Trove of text messages makes it clear: Trump knew his Ukraine extortion was illegal

New dump of diplomatic documents suggest Trump understood he had to cover up Ukraine misdeeds — however poorly

By Amanda Marcotte

Senior Writer

Published October 4, 2019 12:30PM (EDT)

Donald Trump (AP Photo/Evan Vucci/US Congress/Salon)
Donald Trump (AP Photo/Evan Vucci/US Congress/Salon)

One of the running bits on HBO's hit series "Succession" is between Tom Wamsgans, an executive at the fictional Waystar Royco corporation at the center of the show, and his lackey Greg Hirsch. Tom compels Greg to join what is clearly a criminal conspiracy. Every time Tom tells Greg to do something illegal, or follows up by asking him how the illegal thing went, he ends the talk with some variation of, "We never had this conversation."

To normal viewers, the point of the bit is clear enough: Tom is saying he will deny this conversation if asked about it and expects Greg to do the same.

If we're to believe the things Republicans are saying now, they watch this show and respond, "Golly gee, he just made that conversation disappear by saying the magic words! Tom must be a wizard!"

After all, that pretty well summarizes the spin Republican politicians, pundits and their parrots are putting out concerning a series of damning text messages released by the House Intelligence Committee. These messages show State Department officials, clearly working under President Trump's direct orders, conducting a lengthy pressure campaign on the Ukrainian government. State Department officials made it quite clear to their counterparts in Ukraine that staying in Trump's good graces — and getting desperately needed military aid — was contingent on Ukraine providing Trump concocted evidence he could use to bolster his crackpot conspiracy theories about the Democrats.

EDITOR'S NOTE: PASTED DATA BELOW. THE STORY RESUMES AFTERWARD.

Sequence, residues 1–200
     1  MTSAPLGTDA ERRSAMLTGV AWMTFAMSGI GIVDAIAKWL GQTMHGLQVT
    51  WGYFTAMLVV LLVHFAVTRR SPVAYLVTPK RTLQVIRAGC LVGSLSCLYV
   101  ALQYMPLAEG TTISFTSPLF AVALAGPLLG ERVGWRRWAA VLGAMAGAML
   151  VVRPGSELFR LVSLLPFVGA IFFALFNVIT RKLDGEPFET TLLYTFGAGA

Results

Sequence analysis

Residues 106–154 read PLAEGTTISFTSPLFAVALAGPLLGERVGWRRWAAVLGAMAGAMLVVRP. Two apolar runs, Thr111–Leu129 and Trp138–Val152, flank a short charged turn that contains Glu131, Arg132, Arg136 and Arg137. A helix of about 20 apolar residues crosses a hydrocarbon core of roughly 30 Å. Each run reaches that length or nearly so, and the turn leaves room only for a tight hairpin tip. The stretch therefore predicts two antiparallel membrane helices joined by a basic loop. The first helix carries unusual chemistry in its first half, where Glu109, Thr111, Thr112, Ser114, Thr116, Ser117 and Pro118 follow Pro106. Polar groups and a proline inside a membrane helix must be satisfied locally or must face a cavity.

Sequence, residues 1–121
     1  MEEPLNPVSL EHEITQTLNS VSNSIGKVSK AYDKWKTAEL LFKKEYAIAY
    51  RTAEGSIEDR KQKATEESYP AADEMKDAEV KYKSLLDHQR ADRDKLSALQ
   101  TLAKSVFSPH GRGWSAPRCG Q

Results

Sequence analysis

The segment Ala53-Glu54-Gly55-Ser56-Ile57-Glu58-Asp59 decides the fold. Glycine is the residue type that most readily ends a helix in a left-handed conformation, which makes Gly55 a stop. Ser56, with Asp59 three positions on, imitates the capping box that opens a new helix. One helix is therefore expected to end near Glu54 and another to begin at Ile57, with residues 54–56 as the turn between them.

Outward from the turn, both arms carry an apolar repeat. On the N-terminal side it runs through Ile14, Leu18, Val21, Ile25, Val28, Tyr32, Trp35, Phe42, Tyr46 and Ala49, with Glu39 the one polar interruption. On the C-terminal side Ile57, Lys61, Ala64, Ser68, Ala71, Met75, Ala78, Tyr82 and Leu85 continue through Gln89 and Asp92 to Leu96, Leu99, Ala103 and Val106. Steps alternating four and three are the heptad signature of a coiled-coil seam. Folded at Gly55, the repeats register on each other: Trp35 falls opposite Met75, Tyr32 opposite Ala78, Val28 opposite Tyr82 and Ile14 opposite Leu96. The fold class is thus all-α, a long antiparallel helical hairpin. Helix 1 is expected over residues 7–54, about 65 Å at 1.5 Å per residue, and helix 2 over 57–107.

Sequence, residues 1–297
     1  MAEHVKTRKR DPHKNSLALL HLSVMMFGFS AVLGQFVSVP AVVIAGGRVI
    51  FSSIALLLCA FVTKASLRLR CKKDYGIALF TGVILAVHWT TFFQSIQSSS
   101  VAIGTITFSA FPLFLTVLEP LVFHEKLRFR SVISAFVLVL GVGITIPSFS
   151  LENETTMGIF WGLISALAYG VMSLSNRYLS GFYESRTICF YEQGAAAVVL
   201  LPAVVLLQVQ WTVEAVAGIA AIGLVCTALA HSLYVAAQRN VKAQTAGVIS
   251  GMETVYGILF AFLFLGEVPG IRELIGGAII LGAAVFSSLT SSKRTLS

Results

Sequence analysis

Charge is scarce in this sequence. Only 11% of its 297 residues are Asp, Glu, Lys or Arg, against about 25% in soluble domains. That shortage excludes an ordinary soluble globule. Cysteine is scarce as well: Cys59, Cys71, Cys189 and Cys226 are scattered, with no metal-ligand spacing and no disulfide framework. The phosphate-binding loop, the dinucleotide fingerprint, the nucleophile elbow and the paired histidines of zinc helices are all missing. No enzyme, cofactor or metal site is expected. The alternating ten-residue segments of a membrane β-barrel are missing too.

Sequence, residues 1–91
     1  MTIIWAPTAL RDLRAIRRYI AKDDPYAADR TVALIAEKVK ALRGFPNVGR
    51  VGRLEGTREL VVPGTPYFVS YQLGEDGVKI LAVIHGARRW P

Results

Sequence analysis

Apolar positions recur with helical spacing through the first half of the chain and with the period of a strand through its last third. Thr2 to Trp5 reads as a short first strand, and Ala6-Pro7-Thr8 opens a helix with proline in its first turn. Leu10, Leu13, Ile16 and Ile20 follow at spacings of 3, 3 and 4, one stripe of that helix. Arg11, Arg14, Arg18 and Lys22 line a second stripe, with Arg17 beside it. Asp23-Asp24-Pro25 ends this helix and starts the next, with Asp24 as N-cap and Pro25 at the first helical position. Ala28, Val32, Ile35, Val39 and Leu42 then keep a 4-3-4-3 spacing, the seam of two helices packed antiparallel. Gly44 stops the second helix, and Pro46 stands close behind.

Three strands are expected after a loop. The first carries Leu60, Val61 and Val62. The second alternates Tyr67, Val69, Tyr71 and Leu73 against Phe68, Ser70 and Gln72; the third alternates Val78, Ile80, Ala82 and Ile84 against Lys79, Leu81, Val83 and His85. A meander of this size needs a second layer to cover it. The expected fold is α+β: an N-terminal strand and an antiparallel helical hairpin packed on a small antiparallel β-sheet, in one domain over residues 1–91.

The documents are quite clear about both the quid that was expected and the quo that would be withheld if the Ukrainian side failed to give the orange mobster in the Oval Office what he desired. An aide to Ukrainian President Volodymyr Zelensky repeatedly presses for a meeting between his boss and Trump, clearly to discuss the military aid that Trump was withholding from the Kyiv government. He is repeatedly told that won't happen until Zelensky announces an investigation into already-debunked conspiracy theories about Hillary Clinton and former Vice President Joe Biden. Gordon Sondland, the U.S. ambassador to the EU, and Kurt Volker, who was then the special U.S. envoy to Ukraine, also discuss between themselves how to extract a "deliverable" from Zelensky in order to make the meeting happen, with the clear goal of getting the military aid released.

On Sept. 9, Bill Taylor, the U.S. chargé d'affaires in Ukraine (and the top diplomat in the absence of an ambassador), texted Sondland: "As I said on the phone, I think it’s crazy to withhold security assistance for help with a political campaign."

Sondland, clearly worried that Taylor might become a snitch, replied, "The president has been crystal clear no quid pro quo’s of any kind." It may be worth noting here that Sondland is a wealthy hotel proprietor and real estate investor who donated $1 million to Trump's inaugural fund, whereas Taylor has been a career diplomat since 1992.

Republicans like Trump sycophant Rep. Jim Jordan, R-Ohio, have predictably seized on this statement as proof that there was no quid pro quo, despite the lengthy textual evidence preceding it showcasing the quid, the quo and endless discussion on the timing of the pro. This is much like saying that because Trump paid Stormy Daniels for her silence, that means the adultery never happened.